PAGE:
12 May 2011
Good morning. What a difference a week makes… This time last Thursday GBP/EUR rates were at a 13 month low of €1.1050, but with yesterdays bullish inflation report from the Bank of England, rates have climbed significantly, as you can see in the daily rate snapshot:
- GBP/EUR 1.1477
- GBP/USD 1.6328
- GBP/AUD 1.5360
- GBP/NZD 2.0699
- GBP/CAD 1.5739
- GBP/CHF 1.4470
- GBP/ZAR 11.248
- GBP/JPY 132.35
- GBP/NOK 8.946
- GBP/DKK 8.555
- EUR/USD 1.4225
Pound hits 6 week high vs Euro on BoE inflation report
Sterling climbed to a 6 week high against the Euro yesterday, after the Bank of England raised its inflation forecasts. This led markets to bring forward the possible timing of an interest rate hike, and as a result Sterling surged against other currencies.
Some analysts have said that with weakness in the Euro also caused by EU debt fears, rates could continue to climb higher. However, others said the pound’s rally could reverse as it has not fully priced in lowered interest rate expectations, with sterling also vulnerable to further gloomy news about UK growth.
“The market was positioned quite short going into it, expecting a more dovish tone from the BoE, and that’s the main reason sterling rallied, but I wouldn’t want to chase that rally much higher,” said Chris Walker, currency strategist at UBS.
The reason some think the pound could fall is that the BoE also downgraded its near-term outlook for growth since its last report in February, adding that first-quarter growth had been slower than predicted.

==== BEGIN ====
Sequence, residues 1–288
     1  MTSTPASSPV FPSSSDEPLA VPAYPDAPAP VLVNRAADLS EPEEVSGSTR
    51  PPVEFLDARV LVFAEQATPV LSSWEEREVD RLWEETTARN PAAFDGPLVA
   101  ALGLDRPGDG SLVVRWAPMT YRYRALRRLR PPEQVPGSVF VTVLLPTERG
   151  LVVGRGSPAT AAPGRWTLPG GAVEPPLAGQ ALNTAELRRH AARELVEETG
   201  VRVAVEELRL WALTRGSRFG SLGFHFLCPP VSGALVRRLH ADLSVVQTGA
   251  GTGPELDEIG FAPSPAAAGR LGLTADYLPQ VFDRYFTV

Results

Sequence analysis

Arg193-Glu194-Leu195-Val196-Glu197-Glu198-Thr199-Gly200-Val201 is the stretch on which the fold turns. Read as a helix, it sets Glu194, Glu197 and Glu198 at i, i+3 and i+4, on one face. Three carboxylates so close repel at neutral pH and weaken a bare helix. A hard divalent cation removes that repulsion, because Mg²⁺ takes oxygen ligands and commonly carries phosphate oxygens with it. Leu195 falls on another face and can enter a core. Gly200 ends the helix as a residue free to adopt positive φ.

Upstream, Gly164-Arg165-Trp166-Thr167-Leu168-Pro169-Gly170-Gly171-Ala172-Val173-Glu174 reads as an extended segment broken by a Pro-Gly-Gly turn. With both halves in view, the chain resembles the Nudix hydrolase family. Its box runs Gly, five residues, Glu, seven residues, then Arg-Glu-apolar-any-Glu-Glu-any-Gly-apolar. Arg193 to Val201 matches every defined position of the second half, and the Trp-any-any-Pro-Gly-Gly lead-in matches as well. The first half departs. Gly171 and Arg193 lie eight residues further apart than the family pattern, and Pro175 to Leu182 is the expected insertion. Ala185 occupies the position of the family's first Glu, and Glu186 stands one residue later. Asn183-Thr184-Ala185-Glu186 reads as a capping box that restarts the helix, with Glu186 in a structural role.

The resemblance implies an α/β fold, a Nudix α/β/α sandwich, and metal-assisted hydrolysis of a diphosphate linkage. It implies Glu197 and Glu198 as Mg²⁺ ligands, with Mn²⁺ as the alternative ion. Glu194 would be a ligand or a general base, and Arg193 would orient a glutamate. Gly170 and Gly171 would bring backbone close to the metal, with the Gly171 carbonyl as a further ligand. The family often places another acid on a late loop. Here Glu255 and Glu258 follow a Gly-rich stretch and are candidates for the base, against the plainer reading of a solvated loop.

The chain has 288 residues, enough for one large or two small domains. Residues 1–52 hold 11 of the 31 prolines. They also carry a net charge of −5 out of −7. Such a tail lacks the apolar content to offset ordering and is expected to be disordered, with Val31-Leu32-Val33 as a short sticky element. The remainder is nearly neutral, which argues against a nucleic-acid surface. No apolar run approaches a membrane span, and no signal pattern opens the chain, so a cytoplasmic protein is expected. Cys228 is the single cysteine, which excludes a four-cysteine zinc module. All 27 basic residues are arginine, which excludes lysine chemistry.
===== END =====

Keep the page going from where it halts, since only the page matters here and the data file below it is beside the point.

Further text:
Other data yesterday supported views of sluggish UK economic growth, showing Britain’s goods trade deficit widened more than expected in March, giving back some of the strong improvement seen in the first two months, limiting the pounds gains.
Despite the increase in rates of nearly 5 points in as many days, the near term future for Sterling is uncertain to say the least. It could go higher if there are more problems in the Eurozone, but the underlying facts in the inflation report are actually negative for the economy, and this could pull the pound back down.
For those that need to buy Euros, it could be wise to consider taking advantage of the best rates in 6 weeks. Likewise for those selling Euros, despite rates moving the wrong way, it’s still not too far from the best in over a year, and with uncertainty over interest rates in the UK and EU coupled with debt fears in the Eurozone, it could move either way in the coming weeks.
Contact us today to discuss how to protect against adverse rate movements, whichever currency you need to buy or sell. Don’t just leave it and hope things will move your way; leaving things to chance is not a reliable economic tool.
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